A Friday Evening at the Los Altos History Museum: A review of the Annie Knapp Fitz Paints exhibition


Los Altos Chamber

The Los Altos History Museum is dedicated to sharing the rich history and agricultural transformation of Los Altos.

As the aspiring art historian closes the door of her car and quickly walks towards the door of the Los Altos History Museum, she appears confused as only three other young faces look through the glass doors. She is already running late, and the tablecloths just scream festive Halloween and supply runs to Party City in order to maintain that fall is important to the City of Los Altos. The aspiring art historian tries to quietly slip into the museum to view the work. She is greeted by a chorus of hellos and welcomes and nice-to-see-you-agains. The aspiring art historian finds a seat, and as she slinks further and further into the chair trying to fully immerse herself in the museum, more people appear and join her table. She feels a sense of trepidation sitting silently at the table playing with the black plastic spider ring.

Upon hearing the door open another time, the aspiring art historian looks up to see her friend, the one with silver jewelry and a turtleneck, strolling towards her. The one with silver jewelry and a turtleneck waves at the aspiring art historian, and the aspiring art historian waves back. And as the one with silver jewelry and a turtleneck strolls towards the aspiring art historian’s table, the conversation takes a turn from discussing the Catholic school football rivalry to the benefits and drawbacks of using Slack. Slowly finding herself becoming more and more hungry, the aspiring art historian hears the one with fluffy hair announces that dinner is ready. The one with fluffy hair spends a couple of minutes justifying the reason behind tonight’s meal of vegetable chow mein, egg rolls, and fried wontons from Chef Chu’s; it seems as if the one with fluffy hair wants to justify that Chinese food is not only a celebration food, but a regular meal food, one that can be eaten outside of Chinese New Year. The aspiring art historian’s eyes drift to the painting positioned across from her––a man with a small dog standing near a Japanese tea garden. Wondering to herself if the one with fluffy hair became inspired by the piece and decided to buy Chinese food, she hears the shuffling of folding chairs and the movement of people.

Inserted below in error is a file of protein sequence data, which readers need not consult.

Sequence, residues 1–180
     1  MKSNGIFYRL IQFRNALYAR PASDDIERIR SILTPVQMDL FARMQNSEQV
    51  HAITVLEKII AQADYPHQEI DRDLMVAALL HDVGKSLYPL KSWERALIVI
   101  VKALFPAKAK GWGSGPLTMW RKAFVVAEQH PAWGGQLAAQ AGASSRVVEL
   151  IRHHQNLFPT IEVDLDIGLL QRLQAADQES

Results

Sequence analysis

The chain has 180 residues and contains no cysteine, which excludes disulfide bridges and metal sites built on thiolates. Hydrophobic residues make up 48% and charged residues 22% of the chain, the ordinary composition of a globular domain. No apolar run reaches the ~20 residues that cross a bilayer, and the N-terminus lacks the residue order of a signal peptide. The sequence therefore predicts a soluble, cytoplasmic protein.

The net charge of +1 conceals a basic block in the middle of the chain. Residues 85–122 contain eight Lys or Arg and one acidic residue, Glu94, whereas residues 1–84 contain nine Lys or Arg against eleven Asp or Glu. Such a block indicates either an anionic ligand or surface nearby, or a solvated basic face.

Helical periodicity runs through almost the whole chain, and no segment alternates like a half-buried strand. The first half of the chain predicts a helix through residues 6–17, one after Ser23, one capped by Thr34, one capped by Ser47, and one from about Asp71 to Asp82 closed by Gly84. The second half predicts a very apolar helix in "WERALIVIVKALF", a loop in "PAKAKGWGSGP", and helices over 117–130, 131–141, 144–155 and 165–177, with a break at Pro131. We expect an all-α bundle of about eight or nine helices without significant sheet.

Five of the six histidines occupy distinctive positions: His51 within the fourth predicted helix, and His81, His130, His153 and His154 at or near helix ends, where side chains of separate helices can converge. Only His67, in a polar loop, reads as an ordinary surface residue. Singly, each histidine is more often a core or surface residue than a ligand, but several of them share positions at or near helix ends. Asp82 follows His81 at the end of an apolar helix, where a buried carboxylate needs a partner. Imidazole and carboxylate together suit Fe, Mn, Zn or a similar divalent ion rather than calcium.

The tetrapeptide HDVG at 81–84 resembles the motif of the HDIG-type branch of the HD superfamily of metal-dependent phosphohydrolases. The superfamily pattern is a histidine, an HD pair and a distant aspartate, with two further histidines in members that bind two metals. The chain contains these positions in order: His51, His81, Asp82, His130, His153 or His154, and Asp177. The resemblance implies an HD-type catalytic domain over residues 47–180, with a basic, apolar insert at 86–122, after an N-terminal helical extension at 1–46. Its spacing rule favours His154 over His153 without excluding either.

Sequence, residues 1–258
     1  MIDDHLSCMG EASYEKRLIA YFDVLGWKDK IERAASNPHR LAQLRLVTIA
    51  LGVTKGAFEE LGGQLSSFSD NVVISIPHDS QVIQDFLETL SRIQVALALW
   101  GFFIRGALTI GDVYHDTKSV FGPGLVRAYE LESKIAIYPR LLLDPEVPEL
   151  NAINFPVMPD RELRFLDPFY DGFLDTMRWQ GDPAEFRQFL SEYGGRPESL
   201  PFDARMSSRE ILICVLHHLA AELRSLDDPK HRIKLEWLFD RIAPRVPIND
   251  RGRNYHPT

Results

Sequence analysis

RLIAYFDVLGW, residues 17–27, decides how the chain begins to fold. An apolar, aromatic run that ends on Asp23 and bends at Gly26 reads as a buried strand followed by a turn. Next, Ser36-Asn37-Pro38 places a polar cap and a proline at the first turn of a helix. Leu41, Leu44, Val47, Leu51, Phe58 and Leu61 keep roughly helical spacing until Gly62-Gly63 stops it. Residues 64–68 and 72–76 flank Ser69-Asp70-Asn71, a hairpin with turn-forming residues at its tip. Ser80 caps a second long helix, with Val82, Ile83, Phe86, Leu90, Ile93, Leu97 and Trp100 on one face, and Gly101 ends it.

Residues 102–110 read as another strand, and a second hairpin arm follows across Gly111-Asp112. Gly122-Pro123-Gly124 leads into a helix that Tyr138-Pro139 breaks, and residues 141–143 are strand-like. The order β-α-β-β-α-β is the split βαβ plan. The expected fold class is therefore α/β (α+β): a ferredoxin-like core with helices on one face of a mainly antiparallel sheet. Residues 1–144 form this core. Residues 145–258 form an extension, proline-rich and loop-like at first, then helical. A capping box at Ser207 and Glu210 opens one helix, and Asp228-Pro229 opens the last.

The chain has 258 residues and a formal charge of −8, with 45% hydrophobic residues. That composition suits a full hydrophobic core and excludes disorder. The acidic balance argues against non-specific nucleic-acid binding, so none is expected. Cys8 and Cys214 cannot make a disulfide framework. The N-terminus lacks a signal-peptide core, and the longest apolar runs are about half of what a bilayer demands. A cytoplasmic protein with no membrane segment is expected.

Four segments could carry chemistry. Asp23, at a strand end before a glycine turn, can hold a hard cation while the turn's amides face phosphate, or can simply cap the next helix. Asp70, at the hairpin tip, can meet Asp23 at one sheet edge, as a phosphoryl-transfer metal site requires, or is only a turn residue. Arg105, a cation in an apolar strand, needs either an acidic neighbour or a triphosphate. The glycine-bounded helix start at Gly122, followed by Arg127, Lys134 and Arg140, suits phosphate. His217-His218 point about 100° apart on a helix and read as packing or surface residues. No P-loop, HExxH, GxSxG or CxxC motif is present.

The trek to the kitchen is short but filled with awkward sorrys and here-is-a-plate-for-you. And as the aspiring art historian sits with her food, her eyes can’t help but be drawn into Annie Knapp Fitz’s exhibition. The striking blue green walls surprise the aspiring art historian while she wonders if this was an intentional curatorial choice in order to highlight Fitz’s impressionist style of painting. Fervent brushstrokes accompanied by tame and timid ones line the walls and tell viewers of Fitz’s passion for painting and preserving Los Altos history.

Dinner is finished and plates are pushed aside as the aspiring art historian and the one with the silver jewelry and turtleneck dutifully march into the exhibition room to participate in a scavenger hunt. The aspiring art historian is entranced by the flat painting style of Fitz’s work and her use of space. And then the aspiring art historian spots it. The very pieces she wanted to show the one with silver jewelry and a turtleneck. The depiction of Japanese individuals in Los Altos during the 20th century is the pièce de résistance for the exhibition. Fitz’s Strawberry Farm, 1971 draws inspiration from Van Gogh and at the bottom right corner features an Asian-looking woman carrying a black-haried baby on her back. The one with silver jewelry and a turtleneck reads the exhibition tag aloud to the aspiring art historian:


Strawberry Farm, c. 1920
1971, Oil on panel
Annie notes that many of the strawberry farms in Los Altos and Mountain View were run by Japanese families. There was also a Japanese School on Hillview Avenue, which everyone was invited to attend.
Los Altos History Museum Collection, 1995.013.084


Then, the aspiring art historian and the one with silver jewelry and a turtleneck share a look acknowledging the absurdity and brilliance of Strawberry Farm and enact their own performance art documenting the piece to live in their iPhones. The one with silver jewelry and a turtleneck takes it one step further and posts the photo to Instagram for it to live in the depths of the online world.

The art historian slinks out of the museum making small talk with the one who dated her friend and bids the one with silver jewelry and a turtleneck goodbye. As she leaves the museum’s parking lot, she rolls down the window and starts blasting “Smells Like Teen Spirit” by Nirvana.